Though I know many beautiful people, brothers and sisters, in appearance, in character,
then how much more should there be great admiration for God than the things he has made?

Rather than how marvel at how wonderfully and beautifully made we are; but how SO much more wonderful our God is and must surely be?

Who can you encourage this week to delight in God’s character and his appearing (see Titus 2:13)?

Secure

Sometimes, there could be many reasons to be insecure, but as a Christian we have every reason to look beyond the mild and even more acute insecurities we face.

Following on from this post, I wish to look at our identity in Christ and why we have every reason to feel secure. To do this I will spend most of my time in Colossians, however the Bible, especially with New Testament goes to great details in describing the new identity that Christians have in Christ because of Christ… Continue reading “Secure”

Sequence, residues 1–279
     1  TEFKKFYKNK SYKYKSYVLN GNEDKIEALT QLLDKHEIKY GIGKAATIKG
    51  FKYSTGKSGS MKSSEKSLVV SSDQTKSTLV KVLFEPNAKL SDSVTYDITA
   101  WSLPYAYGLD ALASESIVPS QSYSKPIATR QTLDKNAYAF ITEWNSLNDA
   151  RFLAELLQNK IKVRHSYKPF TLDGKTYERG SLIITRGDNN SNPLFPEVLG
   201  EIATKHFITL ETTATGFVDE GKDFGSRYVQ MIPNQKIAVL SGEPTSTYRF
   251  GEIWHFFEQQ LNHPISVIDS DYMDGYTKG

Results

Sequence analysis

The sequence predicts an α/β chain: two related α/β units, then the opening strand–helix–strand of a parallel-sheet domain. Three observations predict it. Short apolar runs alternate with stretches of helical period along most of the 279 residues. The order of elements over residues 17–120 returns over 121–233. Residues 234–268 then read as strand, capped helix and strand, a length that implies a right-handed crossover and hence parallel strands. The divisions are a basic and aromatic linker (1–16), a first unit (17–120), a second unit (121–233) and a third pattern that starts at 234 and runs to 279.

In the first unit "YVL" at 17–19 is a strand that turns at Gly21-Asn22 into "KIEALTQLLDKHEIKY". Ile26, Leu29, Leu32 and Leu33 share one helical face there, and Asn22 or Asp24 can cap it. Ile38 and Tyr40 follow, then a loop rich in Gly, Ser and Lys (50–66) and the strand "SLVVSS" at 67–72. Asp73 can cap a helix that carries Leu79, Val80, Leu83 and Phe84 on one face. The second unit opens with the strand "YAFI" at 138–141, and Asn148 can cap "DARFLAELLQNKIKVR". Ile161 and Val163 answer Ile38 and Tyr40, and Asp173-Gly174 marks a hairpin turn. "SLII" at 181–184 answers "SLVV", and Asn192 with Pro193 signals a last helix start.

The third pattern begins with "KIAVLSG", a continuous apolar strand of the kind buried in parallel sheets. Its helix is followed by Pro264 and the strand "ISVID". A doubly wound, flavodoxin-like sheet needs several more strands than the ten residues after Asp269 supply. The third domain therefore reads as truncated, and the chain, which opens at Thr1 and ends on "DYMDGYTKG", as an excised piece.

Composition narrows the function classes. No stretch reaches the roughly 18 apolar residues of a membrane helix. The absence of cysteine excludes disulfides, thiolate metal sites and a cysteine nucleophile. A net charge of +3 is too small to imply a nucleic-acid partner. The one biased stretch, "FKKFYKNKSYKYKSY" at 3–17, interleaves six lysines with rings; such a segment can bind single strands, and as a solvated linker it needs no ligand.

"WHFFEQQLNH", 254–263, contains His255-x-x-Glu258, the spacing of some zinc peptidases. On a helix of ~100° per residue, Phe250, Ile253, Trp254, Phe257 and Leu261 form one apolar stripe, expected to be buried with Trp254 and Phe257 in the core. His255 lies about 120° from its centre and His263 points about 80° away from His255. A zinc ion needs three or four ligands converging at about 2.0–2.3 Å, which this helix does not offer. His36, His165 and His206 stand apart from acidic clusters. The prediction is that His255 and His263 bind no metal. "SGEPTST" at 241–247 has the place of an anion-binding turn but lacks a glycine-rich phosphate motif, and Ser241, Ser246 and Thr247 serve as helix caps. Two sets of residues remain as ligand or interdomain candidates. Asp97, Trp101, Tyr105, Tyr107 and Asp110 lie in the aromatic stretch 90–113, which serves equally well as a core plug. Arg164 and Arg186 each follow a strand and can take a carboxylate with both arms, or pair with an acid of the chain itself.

Beautifully & Wonderfully Made

Of the many things that God has made, he set a special place for humanity, to be his image bearers. I wanted to look at one specific way in which that shapes our understanding of ourselves: self-image and outward appearances.

This follows on, and hopefully will complement and continue some of themes raised in the last post I wrote. I hope that this will challenge you to view yourselves in a way that brings honour to God and sees others in a way that is pleasing to God.

1. Made in his image

When God created the world, he created it as good. Part of that humanity is supposed to, according to God’s good design, to bearing the image of God.  Continue reading “Beautifully & Wonderfully Made”